electronic brain surgery since 2001

Syncmaster 2443BW Repair

I own two 24“ 2443BW Samsung screens from 2009. They still use DVI instead of HDMI but otherwise they are perfectly fine monitors. That is until yesterday, when one of them suddenly turned off and refused to show any sign of life.

After the proper amount of swearing, I disconnected it and carried it down to the workshop with a vague sense of fixing it.

I assumed the power supply died and thought it must be possible to replace that. So I googled for “2443BW replace power supply” and came across this video by RoadKillElectronics:

The video explains that usually not the power supply but some capacitors on the logic board fail. The symptoms they described matched mine exactly.

Opening the monitor is relatively easy. Just as they say, prop a screw driver in the middle, then wiggle a second one in a bit to side, then move over the first one. Work your way around the frame and it should pop open the plastic latches one by one.

Monitor gutted

In the video they use an ESR meter to determine the faulty capacitors. I had no idea what an ESR meter is so I poked at the caps with my multi meter and one of them seemed to behave different from the others so I desoldered it and ordered an assortment box of capacitors from Amazon.

Then I read up a bit more on ESR (I know my order of operation is a bit whack) and realized that I do own a ESR meter.

A good while ago I had bought a component tester from AliExpress. It's actually quite magical. You connect any odd component, push a button and the LCD screen tells you what the component is, its important values and which connector is which. Really amazing. And it does ESR readings for capacitors.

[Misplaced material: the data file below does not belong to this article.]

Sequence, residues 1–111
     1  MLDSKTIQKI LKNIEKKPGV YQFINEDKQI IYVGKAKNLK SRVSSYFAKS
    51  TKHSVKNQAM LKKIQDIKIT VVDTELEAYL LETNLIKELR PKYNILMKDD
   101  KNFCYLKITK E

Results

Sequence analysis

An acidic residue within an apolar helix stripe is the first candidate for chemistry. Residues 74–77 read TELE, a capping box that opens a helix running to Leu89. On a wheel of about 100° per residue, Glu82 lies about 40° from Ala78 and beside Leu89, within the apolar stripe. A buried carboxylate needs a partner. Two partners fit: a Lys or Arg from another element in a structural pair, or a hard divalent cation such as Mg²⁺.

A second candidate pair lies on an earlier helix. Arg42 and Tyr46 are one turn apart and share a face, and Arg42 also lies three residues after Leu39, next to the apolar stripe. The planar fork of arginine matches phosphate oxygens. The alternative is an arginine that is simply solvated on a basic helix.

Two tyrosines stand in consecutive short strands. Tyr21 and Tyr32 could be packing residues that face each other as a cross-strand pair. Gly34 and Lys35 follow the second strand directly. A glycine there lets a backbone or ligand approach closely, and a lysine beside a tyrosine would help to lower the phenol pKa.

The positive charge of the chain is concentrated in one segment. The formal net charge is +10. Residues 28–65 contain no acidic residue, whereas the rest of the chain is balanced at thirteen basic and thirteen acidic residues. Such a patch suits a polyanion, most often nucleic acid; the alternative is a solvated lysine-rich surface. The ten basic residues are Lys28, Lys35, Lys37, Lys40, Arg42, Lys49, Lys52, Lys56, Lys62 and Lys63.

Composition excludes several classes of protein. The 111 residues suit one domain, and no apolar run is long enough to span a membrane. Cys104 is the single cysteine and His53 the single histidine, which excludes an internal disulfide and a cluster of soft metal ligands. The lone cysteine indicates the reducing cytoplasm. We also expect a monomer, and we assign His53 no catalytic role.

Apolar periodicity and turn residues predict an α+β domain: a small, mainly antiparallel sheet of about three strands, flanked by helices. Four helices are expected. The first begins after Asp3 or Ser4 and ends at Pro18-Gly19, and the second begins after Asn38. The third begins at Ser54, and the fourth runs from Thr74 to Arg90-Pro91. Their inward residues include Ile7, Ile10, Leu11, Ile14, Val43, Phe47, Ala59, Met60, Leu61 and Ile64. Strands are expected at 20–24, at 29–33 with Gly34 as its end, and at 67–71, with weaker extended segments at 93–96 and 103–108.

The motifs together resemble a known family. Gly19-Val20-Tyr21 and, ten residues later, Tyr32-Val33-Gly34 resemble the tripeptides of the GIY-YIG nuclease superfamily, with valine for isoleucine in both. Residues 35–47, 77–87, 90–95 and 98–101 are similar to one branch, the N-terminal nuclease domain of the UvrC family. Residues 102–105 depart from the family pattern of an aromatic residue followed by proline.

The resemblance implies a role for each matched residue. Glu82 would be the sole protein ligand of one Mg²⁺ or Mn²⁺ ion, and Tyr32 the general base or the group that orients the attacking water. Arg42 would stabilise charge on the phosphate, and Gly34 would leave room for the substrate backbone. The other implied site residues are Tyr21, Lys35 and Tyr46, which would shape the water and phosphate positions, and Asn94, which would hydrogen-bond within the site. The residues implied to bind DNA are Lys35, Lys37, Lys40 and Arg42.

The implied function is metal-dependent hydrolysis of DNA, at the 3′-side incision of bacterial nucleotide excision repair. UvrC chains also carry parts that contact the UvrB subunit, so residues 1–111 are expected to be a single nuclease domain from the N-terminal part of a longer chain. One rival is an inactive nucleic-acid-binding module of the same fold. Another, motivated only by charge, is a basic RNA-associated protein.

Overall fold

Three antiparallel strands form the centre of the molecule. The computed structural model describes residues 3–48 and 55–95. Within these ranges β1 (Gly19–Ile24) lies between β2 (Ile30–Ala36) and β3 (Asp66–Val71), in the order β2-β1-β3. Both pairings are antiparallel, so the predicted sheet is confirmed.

ESR testing

I checked the desoldered capacitor and it turned out fine. Doh. So I tested the remaining ones and indeed found a dead one which I also removed. BTW. desoldering is indeed easier when you add little fresh solder (leaded rosin core) first and let it mix with the industrial lead free stuff.

Note: before testing, the capacitor needs to be discharged. Just shorting it with a jumper wire will do.

Fast forward to today, when my Amazon order arrived and I soldered in two 100µF 25V capacitors.

capacitors soldered

I put the logic board back in, reconnected all the cables, did a quick prayer to the electronics gods and plugged in the power cable… and I was greeted by the little blue LED and a nice “No source found” on the screen.

Complete success. And my monitor is back with its brother1).

Back in Action

monitor, repair, diy, electronics
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